What was supposed to be an event celebrated by local track superstars Hannah Waller and Mikaela Smith and the city of Clovis, the 100th CIF State Track and Field Championship resulted in triumph, followed by heartbreak at Veterans Memorial Stadium.
First, the triumph: Buchanan’s Waller, the state leader in the 400 and overwhelming favorite, smoked her California competitors and cruised to a time of 53.13, a new section-record and No. 6 currently in the nation. Combining speed and power Waller separated herself quickly, making runners next to her look like they were churning in wet cement, earning state gold.
Then the heartbreak: Clovis North’s Smith, a two-time defending champ in the 800 and the darling of the Central Section track community, the one who trained all season for a third straight gold medal, the one who was so mentally and physically prepared she knew she could not be beaten, fell just 15 feet into the race basked in controversy.
Starting from lane three, Smith got tangled up with another runner and fell to the ground after only five strides and into a state of disbelief. Controversy still looms over the unusual spill.
“I was getting elbowed from multiple people. The next thing I felt was someone’s spike going into my Achilles and then an elbow against my back,” a still-emotional Smith said about an hour after the race. “It was painful.”
She said her entire shoe was filled with blood and that an official said to get it cleaned up before the race could restart.
Hope began to fill Veteran’s Memorial Stadium as Smith started running quick sprints in the infield grass amidst cries from the crowd of “Let her run!” After her heel was attended to and wrapped by a trainer she was told the unthinkable by a state official: she had been officially disqualified for impeding another runner’s progress.
Walking alone across the infield area in front of over 8,000 people, Smith collapsed to her knees.
“I literally thought I was dreaming,” said Smith. “It was surreal, my body just went numb and I toppled over.”
A difficult episode for Smith to be sure, but not a tragedy, at least in the Greek sense of the word.
Mythical characters from ancient Greece always had a fatal character flaw. Smith, on the other hand, had only moments earlier
hugged a fellow competitor who had only moments earlier hugged a fellow competitor who had herself been disqualified for a false start. There’s no character flaw in Mikaela Smith.
Heartbreaking? No doubt about it. Gut-wrenching? Yes. A tragedy in the grand scheme of a young person’s life? Not in the eyes of Mikaela Smith, who will continue to run at USC.
“Everything happens for a reason. I’m blessed to have everyone behind my back. I have super-awesome friends, family, fans, coaches and future teammates who came to the meet to watch me, which meant a lot,” said Smith with close friend Destiny Smith standing next to her arm-in-arm. “Right now it’s tough but a picture will show.”
As agonizing as it was to watch Smith’s ordeal unfold, it was just as
thrilling to witness Waller’s domination of her 400 event. Talk about being locked in; Waller felt as if she had an out-of-body experience.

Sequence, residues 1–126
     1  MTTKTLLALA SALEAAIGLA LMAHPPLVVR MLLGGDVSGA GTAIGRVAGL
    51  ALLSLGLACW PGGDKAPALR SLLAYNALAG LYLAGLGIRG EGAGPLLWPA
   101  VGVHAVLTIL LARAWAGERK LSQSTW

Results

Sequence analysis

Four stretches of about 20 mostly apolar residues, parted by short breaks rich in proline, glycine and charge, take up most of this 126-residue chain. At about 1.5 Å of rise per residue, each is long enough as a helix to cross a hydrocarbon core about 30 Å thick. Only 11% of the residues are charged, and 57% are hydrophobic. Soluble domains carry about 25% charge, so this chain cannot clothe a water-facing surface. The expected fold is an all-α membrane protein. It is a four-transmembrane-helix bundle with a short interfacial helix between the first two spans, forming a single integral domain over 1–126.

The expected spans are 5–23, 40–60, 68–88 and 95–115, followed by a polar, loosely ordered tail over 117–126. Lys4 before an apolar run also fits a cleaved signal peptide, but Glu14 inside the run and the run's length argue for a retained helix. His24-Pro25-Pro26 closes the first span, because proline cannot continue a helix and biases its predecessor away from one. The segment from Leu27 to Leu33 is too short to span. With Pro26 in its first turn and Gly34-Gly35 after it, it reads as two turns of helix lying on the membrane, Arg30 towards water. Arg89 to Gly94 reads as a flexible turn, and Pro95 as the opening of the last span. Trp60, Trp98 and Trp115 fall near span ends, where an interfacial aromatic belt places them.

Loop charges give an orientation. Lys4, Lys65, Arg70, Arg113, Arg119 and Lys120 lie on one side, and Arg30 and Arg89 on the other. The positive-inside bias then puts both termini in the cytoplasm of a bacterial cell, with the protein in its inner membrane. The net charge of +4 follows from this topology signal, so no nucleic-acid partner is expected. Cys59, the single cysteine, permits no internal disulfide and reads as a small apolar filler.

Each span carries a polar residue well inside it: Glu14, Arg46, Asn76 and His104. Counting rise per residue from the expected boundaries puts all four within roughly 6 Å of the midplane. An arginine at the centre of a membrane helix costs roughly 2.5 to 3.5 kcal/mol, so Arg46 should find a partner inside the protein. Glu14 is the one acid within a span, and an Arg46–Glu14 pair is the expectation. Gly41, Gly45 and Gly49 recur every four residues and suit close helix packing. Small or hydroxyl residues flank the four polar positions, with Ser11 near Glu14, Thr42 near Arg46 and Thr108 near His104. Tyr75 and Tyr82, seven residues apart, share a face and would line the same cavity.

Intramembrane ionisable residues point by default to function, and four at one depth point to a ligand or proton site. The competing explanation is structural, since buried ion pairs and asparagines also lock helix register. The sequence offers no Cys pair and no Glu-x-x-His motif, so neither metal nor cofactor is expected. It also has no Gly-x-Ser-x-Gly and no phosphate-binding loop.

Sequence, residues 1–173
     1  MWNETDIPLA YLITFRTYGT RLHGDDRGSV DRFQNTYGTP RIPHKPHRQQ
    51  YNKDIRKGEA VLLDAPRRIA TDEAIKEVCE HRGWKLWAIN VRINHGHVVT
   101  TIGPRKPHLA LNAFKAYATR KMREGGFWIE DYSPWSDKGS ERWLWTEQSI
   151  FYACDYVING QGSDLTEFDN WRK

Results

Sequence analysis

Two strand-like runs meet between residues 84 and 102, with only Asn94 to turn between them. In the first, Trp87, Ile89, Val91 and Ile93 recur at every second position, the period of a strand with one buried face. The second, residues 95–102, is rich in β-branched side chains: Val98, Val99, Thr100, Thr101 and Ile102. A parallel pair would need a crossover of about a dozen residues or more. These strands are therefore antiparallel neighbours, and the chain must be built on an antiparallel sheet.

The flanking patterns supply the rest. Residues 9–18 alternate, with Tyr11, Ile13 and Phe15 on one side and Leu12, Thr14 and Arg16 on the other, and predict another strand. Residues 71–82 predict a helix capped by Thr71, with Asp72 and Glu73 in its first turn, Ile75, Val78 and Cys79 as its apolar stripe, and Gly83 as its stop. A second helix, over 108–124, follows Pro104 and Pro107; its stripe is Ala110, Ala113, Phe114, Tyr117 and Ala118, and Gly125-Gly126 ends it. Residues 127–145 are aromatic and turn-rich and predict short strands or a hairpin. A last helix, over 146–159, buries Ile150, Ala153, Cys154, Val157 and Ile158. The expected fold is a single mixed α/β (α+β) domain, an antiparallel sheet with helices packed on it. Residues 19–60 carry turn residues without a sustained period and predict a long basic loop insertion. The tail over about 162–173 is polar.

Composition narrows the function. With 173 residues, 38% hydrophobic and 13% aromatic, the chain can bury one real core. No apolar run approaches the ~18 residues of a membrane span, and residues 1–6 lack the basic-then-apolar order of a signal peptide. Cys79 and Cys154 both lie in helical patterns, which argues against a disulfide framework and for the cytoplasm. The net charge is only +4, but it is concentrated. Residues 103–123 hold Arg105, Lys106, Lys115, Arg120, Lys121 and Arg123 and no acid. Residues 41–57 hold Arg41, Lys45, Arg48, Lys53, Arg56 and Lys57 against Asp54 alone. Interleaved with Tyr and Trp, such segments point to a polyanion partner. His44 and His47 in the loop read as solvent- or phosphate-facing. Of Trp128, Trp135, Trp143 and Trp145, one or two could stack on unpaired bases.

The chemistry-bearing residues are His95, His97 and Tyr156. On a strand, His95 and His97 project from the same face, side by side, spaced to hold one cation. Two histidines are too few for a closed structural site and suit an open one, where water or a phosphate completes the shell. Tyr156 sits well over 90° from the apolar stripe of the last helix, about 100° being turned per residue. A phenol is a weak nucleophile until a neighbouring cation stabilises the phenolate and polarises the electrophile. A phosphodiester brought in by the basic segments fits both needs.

“It felt like it was a different part of me that I haven’t seen before and it finally came out today,” said the Buchanan junior.
After two years of falling short of state gold Waller can proudly say she’s the first Buchanan athlete to win gold. And when she lays her head down on her pillow after her triumphant win what will be her thought: “I’m a state champion.”
Among the many impressed with Waller was Buchanan track and field coach and event coordinator Brian Weaver: “Absolutely wonderful. That’s been her goal all year to be state champion. It was special.”
And smack dab in between heartbreaking and triumphant is Clovis High’s Connor Morello, clearly frustrated after settling for silver for the second year in a row in the 800 finals, this time to Centennial’s Isaac Trevino.
Trevino appears to be Morello’s thorn in his side, beating him in the Section Master’s meet two weeks earlier. Last year Morello lost by one-hundredth of a second in an instant classic.
“Coming so close last year and to end up in second again is frustrating,” said Morello attending the University of Washington next year. “But Trevino is a good athlete.”
Morello tried to make a final push the last 200 but Trevino held him off the outside and won by six-tenths of a second.
“It’s a bit of a bummer because I definitely feel I have more in me,” said Morello, who’s attending Washington University next year. “I wish I cold have shown it today.”
Other Tri-River Athletic Conference members who medaled were Paramveer Chuhan from Buchanan in the 300 low hurdles with a fourth place finish, Hannah Benoit from Buchanan in the 800 with a fourth place finish, the Buchanan 400 relay team of Brenae Wellington, Waller, Yamilet Biggers, Amari Sperling finished fourth and freshman high jumper Alexis Vincent Walker from Clovis finished fifth. Clovis North distance runner Lauren Moffett ran in both the 1600 and 3200 races finishing eighth and eighteenth respectively. The Buchanan girls’ team also finished fifth overall in a fantastic team showing.
The event as a whole came off as a massive success with over 16,000 people attending the two-day event, led by Coach Weaver and his staff. In a California state championship event Weaver expects special things to happen. And the stars came out for the night with three national leading times set and many other records broken.
“The competition speaks for itself,” said Weaver. “The crowd was huge and the atmosphere wonderful. This is one of the most energetic crowds I’ve ever seen.”